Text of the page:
Esquimalt, the only Imperial naval station on the Pacific Coast, is at present virtually defenceless. Should the Imperial Government decide to fortify it, Esquimalt can readily be made as impregnable as St Lucia, the Gibraltar of the West Indies, and in the event of an agreement being made between the Dominion Government and the Home authorities as to the proportion of the cost of the proposed defences to be borne by each, work shall be commenced immediately on a strong fort, to be erected either at the meteorological station or on Brother's Island.

At Macaulay's Point and other available positions outside Victoria and Esquimalt harbours batteries will be erected, to be armed with heavy guns of the same type; but at present Victoria will have to rely upon the Pacific Squadron for protection from a foreign foe.

The only guns now in the navy yard are three five inch Armstrongs, breech loading, five 6 inch guns of the same type, and one 22 ton breech loader, by the same maker, all being held in reserve for ships of the Pacific Squadron. In addition to these are 6 — 40 pounders, two each to be mounted on the Empress of India and her sister ships in case of war at any time being declared and their services claimed by the Imperial Government as cruisers. There are also a few old muzzle loaders, whose services might have been of use at Sebastopol, but which would bark in vain against the sides of a modern ironclad.

None of these guns would be available for coast defence, as it would be highly imprudent to infringe on the reserve armament of the fleet. With the exception of the 22 ton gun which carrying a 317 pound shot, has an extreme range of about nine miles, with a piercing capacity at 2,000 yards through 8 to 10 inches of armour, they are not sufficiently powerful to repel an attack by a foreign fleet.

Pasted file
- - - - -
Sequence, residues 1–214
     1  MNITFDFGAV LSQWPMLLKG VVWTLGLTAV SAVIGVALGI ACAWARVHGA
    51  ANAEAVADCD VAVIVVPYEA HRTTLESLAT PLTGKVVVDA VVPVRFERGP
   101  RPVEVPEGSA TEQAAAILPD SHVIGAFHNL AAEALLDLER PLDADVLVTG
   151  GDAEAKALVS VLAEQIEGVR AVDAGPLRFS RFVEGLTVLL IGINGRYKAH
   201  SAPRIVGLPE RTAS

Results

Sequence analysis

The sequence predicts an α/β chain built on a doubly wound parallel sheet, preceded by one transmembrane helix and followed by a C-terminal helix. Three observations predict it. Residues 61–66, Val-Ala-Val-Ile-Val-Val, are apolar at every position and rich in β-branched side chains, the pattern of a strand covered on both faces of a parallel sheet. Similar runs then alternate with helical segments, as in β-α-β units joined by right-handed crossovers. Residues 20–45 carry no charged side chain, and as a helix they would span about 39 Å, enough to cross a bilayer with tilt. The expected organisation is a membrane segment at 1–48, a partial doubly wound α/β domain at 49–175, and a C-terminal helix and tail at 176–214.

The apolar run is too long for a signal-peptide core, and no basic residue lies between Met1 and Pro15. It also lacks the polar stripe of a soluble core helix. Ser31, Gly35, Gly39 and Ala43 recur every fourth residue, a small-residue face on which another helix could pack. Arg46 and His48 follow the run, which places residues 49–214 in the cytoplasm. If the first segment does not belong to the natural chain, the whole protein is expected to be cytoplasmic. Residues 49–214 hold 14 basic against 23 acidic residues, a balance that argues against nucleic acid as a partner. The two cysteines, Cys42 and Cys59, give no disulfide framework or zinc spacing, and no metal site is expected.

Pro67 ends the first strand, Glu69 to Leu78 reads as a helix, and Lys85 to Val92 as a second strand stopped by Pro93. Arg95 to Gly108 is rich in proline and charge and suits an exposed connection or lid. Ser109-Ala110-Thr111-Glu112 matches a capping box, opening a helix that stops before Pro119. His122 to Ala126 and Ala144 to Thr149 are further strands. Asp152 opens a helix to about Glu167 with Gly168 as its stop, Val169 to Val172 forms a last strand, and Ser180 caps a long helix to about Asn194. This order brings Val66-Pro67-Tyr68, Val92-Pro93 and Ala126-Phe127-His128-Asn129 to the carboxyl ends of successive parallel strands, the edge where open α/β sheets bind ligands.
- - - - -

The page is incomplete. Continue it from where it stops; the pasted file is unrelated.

H.M.S. Champion may not reach Esquimalt till Monday or Tuesday next, as she is reported steaming up the coast under easy sail.

The City of Puebla passed the Warspite, the flagship of H.M. Pacific Squadron, yesterday, and the flagship will, it is expected, anchor in Esquimalt Harbour this morning.

Rowdyism in the City

One of the members of "C" Battery, named Wm Taylor, was arrested, yesterday evening and taken to the lockup, where a charge was entered against him of having wantonly and maliciously assaulted Mrs. Foote, wife of Dr. Foote. He had previously broken a pane of glass in a store on Yates street, and was indulging in general rowdyism, when the lady in question happened to pass. He is said to have used insulting language towards her and then struck Mrs. Foote with his clenched fist.

April 30, 1892

The Department of Public Works, Ottawa, issued a "Tender for Hospital at Artillery Barracks, Victoria, B.C., on April 21st.

"C" Battery R.C.A.

The commandant publishes with pleasure the following extract from the Militia Report for 1891:

The percentage for "C" Battery, R.C.A., both of desertions and courts martial, is not only the lowest in the regiment, but is also the lowest in any of the permanent corps.